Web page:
· Narcissi fly are on the wing, circling in search of somewhere to lay their eggs. It is the hatched larvae which will burrow in and consume bulbs, causing the damage from inside out. The flies start circling in the heat of the day. Mark can be found in our rockery stalking them individually with his little sprayer of Decis, which is a synthetic pyrethroid. The non chemical alternative is to stalk them with a fly swat in hand but you have to be very quick to get them. Removing spent foliage and mounding the soil a little deeper over the bulbs will also help protect them. Narcissi (daffodils) need 65 days of growth in order to make the bulbs strong for next season so as long as you recall seeing the foliage emerging by late August, it is safe to strip it off now. Narcissi fly attack daffodils, hippeastrums, snowdrops, snowflakes and quite a number of other bulbs growing in sunny positions. The offender looks like an inoffensive small blowfly but with a yellow lower abdomen.
· In the vegetable garden, leave the brassicas now til the end of summer (that is the cabbage, broc, cauli family) because the white butterfly will decimate summer crops but you can be planting pretty much anything and everything else now – lettuces and all salad veg, peas, green beans, runner beans, cucurbits, main crop potatoes, kumara, yams, tomatoes. If space is very limited, go for quick turnaround greens and higher value crops rather than those that take up a lot of space (in other words lettuces and capsicums rather than gherkins and pumpkins).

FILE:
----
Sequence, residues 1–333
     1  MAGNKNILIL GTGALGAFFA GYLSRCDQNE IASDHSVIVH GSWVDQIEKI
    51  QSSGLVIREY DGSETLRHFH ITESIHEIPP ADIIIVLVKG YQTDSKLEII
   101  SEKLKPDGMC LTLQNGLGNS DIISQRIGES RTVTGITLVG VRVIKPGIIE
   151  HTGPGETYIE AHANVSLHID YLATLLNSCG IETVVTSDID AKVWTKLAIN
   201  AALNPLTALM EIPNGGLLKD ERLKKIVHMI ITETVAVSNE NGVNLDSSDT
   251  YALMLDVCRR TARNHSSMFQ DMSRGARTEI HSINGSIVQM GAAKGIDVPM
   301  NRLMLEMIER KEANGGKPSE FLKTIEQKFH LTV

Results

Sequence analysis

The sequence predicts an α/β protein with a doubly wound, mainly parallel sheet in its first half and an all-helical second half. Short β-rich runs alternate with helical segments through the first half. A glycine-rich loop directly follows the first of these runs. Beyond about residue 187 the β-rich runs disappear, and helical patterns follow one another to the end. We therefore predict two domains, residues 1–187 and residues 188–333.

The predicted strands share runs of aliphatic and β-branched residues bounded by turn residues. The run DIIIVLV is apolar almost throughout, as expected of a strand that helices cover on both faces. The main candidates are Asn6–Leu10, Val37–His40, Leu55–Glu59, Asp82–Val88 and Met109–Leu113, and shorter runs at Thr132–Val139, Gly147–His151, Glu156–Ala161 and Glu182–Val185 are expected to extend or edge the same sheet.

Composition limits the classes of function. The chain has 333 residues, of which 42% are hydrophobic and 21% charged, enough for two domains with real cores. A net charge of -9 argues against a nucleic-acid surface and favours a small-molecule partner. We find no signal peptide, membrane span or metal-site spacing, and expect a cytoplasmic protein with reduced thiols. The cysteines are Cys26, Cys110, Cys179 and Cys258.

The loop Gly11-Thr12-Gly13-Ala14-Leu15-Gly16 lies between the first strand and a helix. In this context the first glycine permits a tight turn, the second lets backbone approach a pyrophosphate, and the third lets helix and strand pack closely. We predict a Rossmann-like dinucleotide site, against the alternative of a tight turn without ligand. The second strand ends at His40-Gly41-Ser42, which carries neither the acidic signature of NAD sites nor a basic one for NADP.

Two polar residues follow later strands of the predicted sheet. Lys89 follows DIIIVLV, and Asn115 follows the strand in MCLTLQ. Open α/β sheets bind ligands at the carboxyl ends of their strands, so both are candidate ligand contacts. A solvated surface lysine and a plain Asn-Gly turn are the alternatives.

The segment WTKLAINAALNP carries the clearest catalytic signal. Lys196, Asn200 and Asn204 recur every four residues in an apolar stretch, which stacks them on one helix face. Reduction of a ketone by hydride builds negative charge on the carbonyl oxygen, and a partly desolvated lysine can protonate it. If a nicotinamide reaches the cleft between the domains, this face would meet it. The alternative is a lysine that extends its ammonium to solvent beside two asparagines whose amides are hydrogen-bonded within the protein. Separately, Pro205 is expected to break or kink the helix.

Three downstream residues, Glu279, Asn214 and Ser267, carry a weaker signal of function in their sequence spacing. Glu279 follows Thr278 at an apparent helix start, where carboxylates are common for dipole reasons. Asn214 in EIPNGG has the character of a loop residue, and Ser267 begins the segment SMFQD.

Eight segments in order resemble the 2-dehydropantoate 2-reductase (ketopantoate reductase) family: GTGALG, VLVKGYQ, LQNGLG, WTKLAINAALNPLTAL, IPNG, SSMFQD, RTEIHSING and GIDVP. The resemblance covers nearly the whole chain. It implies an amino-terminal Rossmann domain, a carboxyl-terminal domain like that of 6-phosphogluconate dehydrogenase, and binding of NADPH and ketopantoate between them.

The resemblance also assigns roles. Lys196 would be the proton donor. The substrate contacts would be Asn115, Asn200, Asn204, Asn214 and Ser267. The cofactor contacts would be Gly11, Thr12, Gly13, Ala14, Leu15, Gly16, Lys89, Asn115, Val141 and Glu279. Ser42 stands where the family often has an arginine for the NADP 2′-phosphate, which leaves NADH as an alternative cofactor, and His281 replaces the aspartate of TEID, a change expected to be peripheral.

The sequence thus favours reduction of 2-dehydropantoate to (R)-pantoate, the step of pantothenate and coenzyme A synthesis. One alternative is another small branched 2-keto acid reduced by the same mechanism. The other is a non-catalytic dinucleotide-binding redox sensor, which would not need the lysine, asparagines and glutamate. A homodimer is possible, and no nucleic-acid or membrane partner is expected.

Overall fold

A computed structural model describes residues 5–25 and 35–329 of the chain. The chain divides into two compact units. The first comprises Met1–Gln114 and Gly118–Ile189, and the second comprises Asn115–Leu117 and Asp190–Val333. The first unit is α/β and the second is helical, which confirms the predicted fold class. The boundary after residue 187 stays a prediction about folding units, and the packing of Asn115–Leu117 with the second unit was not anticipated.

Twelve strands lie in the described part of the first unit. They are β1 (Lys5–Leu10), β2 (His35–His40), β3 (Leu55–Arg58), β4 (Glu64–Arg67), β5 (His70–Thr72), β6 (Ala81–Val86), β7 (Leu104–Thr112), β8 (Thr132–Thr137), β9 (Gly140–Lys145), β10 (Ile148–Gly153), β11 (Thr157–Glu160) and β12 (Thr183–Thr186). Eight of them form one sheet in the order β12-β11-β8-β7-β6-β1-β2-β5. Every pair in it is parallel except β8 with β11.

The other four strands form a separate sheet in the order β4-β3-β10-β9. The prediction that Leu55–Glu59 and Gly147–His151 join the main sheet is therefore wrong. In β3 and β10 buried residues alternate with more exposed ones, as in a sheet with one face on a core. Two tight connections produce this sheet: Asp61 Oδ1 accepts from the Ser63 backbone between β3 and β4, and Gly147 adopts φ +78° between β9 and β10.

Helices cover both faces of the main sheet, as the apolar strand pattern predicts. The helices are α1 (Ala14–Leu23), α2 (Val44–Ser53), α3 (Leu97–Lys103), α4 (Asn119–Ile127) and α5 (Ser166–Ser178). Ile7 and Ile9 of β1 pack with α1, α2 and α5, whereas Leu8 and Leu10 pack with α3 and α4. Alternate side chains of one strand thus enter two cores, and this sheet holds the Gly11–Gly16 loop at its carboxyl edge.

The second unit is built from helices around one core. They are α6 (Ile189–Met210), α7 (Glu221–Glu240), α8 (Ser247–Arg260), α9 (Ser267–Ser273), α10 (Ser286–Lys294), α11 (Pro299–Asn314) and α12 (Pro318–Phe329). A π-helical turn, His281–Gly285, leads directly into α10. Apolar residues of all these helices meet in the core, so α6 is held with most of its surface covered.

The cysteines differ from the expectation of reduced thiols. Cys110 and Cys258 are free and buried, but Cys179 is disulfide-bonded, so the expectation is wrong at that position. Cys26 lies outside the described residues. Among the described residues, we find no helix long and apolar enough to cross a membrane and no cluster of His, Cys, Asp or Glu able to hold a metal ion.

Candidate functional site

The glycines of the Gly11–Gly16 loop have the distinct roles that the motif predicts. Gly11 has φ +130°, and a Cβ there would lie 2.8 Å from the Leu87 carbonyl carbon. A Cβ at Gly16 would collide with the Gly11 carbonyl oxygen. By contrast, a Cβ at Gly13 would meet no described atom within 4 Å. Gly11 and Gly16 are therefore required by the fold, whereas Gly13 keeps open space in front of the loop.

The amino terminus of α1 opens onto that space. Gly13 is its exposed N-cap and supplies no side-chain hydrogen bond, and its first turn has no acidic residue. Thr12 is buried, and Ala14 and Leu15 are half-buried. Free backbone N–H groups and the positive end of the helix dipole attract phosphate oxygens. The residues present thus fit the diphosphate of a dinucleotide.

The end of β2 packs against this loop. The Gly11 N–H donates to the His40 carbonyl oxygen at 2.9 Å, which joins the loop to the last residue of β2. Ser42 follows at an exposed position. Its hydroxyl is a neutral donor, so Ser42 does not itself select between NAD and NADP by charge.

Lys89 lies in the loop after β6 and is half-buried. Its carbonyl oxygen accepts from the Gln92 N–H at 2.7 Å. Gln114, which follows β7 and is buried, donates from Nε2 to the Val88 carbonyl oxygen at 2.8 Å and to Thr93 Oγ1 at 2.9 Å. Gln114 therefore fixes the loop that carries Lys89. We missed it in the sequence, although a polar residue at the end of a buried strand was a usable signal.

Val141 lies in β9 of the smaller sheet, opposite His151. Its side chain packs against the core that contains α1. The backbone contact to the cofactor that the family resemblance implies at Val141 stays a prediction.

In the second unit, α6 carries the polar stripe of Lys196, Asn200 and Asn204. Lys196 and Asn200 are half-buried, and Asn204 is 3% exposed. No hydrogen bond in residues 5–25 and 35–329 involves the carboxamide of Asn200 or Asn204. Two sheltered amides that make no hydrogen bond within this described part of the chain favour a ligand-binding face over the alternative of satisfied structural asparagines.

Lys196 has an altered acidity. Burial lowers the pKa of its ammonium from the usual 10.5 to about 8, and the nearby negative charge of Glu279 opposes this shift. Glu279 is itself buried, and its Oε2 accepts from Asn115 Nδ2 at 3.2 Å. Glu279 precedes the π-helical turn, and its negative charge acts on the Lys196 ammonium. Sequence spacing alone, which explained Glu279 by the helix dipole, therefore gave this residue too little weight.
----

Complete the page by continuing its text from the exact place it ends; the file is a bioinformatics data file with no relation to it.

· Stay on top of the weeding. Regular push hoeing before plants have a chance to set seed is very effective, especially done on a hot, sunny day so the weeds wither and die quickly. Push hoeing also keeps the soil tilled and friable. It is easier if you keep your push hoe sharpened – you can do this with a file from time to time.
· If you have not covered your strawberries yet, you are risking your harvest. The birds don’t understand about waiting until they are ripe – as soon as they showing any sign of red, they will be into them. Use bird netting held up with cane hoops or something similar. Laying straw or dried grass beneath the plants helps keep the fruit clean and reduces the chances of rotting if we get a wet spell.
· Water container plants daily now unless we get rain. A little often is the mantra.
· Coating your fingers in cooking oil before going out to deadhead rhododendrons stops the sticky goop on your fingers.
· If you have small children in your life, plant a few sunflower seeds with them and go for the giant heads. They will need staking and tying in due course but it is a pretty amazing experience for little ones to see plants which will grow quickly to three or four metres and have a spectacular flower head. They won’t forget it.